Magpie Mine is located near the tiny Derbyshire village of Sheldon in the Peak District National Park. The mine was erected to extract lead from the thin veins of lead sulphite that stretch out across this area of grassland.
Stretching beneath the land surrounding the sleepy village of Sheldon within the Peak District National Park is the Great Redsoil Vein. This is a vein of lead that has been mined in the area for many hundreds of years.
In Roman times lead was mined in the area. As mines needed to be dug deeper the problem of flooding became a real issue. At Magpie Mine a beam engine was not enough to get rid of the water. A drainage sough (tunnel basically) that emptied into the Wye was dug in 1881 at great expense, although it did make the mine profitable for a few short years. In 1970 the slough blew out part of the hillside with the pressure of water.
Magpie was not the only mine in the area. The competing mines of Red Soil, Maypitt and Horsesteps were located very close as miners struggled to make the production profitable.
The mine was in constant dispute with the other mines over who had the right to mine which vein. The nearby Red Soil miners and their Magpie rivals tried smoking each other out. In 1833 three miners from the Maypitt suffocated from the fumes. Two dozen miners were put on trial for murder although all were acquitted as the actual culprit could not be identified. In response to the trial breaking down, the widows of the dead Maypitt men put a curse on Maypit Mine.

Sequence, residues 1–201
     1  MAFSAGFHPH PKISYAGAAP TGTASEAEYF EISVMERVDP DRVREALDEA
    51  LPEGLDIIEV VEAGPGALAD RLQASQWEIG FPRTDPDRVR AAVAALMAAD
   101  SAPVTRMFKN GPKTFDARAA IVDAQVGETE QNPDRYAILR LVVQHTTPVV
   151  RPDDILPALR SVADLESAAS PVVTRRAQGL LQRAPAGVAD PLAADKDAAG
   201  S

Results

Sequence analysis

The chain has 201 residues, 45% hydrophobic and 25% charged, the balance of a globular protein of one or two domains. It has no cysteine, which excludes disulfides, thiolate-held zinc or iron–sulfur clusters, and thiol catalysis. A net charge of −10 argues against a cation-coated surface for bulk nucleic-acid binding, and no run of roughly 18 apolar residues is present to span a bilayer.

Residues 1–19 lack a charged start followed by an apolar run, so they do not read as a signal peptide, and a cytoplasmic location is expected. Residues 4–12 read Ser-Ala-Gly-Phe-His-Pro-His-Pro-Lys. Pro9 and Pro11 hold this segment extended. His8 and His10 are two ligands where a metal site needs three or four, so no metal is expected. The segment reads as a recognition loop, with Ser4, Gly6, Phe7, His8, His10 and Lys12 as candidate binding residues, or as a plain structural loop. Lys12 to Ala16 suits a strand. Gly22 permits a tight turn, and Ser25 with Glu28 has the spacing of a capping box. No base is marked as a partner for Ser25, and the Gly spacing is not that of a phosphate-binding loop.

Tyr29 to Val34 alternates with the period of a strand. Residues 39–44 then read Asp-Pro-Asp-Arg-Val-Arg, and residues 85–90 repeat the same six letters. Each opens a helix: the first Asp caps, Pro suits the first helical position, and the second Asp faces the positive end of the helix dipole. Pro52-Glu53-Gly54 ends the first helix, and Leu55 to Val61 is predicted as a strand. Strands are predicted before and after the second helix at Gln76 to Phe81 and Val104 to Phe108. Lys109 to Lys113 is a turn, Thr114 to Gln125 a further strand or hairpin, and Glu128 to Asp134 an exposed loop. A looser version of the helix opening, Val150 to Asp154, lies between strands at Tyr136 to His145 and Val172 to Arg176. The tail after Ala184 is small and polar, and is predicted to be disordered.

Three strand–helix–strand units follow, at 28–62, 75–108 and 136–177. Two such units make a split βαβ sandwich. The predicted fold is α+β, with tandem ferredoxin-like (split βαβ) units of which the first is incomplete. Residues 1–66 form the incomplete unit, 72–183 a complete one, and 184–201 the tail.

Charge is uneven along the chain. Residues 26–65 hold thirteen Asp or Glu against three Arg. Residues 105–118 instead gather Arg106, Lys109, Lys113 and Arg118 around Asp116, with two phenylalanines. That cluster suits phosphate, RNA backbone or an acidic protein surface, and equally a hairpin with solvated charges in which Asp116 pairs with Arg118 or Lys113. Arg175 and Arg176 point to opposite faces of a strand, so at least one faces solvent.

In 1835 the mine went bankrupt.
From 1839 onwards the mine was started, failed and suffered a run of tragic accidents until it closed for the last time in 1954. You can read all about the buildings of Magpie Mine and the curse that locals claim still lies on the mine by visiting the Peak District Mines Historical Societies website. There is also a series of information posters at the mine itself.
The old saying 'red sky in the morning - shepherds warning' holds remarkably true. To ensure a great sunrise checking the height and density of cloud cover as well as sun direction is vital.
With the promise of a dramatic sunrise display I headed out to the mine. Magpie is located seemingly in the middle of know where. One thing to note is that it is often quite crafty as ether are no hills or edges to defend against the winds rushing across the Peak.
This morning was no exception as a cold wind swirled about the buildings. Then as if a switch had been turned off the wind subsided and the sun began to rise. Colour flooded the area and a beautiful peachy / yellow / pastel orange lit up the mine. That was when I noticed that my lens was completely misted up with the cold. After a quick clean I managed to grab some images.
I hope that you enjoy my 'Sunrise at Magpie Mine'
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Location: Magpie Mine Sheldon DE45 1QU.Keywords: Derbyshire (13), England (26), Peak District (17).